[56] References Cited UNITED STATES PATENTS 2,993,997 7/1961 McFarlane ..250/203 2,448,039 8/1948 Lynn l. ..250/22l Gibaja ..250/22l 3,536,925 l0/1970 Schmidt ..250/222 3,536,109 10/1970 Ginsburghetal ..l4l/98 Primary Examiner-Houston S. Bell, Jr. Att0rneyArthur G. Gilkes, William T. McClain and John J. Connors [5 7] ABSTRACT Disclosed is a system for automatically fueling an automotive vehicle, comprising a movable fuel dispenser including noule which is adapted to be coupled to the fuel inlet of the vehicle, and programmable moving means connected to the fuel dispenser for moving the dispenser into a position where the nozzle can be coupled with the fuel inlet. On the vehicle are means which provide a signal indicating where the fuel dispenser should be moved relative to the fuel inlet. A detector actuated by this signal programs the moving means to move the dispenser to the correct fueling position 12 Claims, 6 Drawing Figures PATENTEDFEB 15 I972 sum 1 BF 4 l/V VE/V TORS Irwin Ginsburg/1 Runes TTORNEY PATENTEBFEB 15 I972 3.642.036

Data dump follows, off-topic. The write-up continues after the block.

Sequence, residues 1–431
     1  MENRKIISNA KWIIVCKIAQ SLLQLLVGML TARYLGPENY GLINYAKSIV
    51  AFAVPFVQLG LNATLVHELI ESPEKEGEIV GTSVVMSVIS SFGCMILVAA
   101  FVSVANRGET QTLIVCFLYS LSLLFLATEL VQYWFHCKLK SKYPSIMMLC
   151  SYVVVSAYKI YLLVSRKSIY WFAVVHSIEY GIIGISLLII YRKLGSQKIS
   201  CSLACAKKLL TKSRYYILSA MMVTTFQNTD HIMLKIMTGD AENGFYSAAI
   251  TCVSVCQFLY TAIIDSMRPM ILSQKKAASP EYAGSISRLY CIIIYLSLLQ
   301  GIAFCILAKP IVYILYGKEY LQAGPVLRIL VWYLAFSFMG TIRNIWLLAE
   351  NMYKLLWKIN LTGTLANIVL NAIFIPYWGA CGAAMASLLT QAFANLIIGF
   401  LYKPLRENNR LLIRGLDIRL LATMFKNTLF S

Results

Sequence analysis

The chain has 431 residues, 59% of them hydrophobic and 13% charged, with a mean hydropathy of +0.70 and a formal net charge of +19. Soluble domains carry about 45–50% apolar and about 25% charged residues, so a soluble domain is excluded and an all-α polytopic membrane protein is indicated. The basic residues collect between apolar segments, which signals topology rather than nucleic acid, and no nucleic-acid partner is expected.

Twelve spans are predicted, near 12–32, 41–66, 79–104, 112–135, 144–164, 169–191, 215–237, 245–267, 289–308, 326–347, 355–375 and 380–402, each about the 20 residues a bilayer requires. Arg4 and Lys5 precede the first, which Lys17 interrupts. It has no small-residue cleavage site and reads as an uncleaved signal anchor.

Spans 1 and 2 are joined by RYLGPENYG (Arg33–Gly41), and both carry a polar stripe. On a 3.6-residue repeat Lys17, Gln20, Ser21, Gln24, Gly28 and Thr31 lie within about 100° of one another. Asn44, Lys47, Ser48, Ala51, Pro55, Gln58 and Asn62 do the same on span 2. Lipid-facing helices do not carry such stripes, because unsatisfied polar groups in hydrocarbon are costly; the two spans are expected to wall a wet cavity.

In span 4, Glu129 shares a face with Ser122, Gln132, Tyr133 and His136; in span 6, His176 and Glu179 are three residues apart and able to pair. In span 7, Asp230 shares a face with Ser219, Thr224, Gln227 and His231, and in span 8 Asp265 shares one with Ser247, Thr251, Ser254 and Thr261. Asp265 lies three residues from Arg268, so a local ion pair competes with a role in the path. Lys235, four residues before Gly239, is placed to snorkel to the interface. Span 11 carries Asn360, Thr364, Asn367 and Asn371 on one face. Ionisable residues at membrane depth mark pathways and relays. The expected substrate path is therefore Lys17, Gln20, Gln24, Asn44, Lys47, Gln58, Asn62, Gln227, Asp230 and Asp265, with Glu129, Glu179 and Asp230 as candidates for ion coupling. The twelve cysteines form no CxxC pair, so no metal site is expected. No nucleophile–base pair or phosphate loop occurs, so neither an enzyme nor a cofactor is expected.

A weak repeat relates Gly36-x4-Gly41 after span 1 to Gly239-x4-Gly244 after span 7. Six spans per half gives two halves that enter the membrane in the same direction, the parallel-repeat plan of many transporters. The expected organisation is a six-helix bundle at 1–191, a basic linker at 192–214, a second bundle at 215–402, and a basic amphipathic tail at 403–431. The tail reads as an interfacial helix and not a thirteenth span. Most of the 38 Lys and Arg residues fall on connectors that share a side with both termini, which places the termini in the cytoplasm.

sum 3 or 4 INVE/V TORS Ir win Ginsb urg/r E 11 ene Runes ATTORNEY PATENTEDFEB 15 I972 3.642.038

' sum u BF 4 //V l/E IV T0195.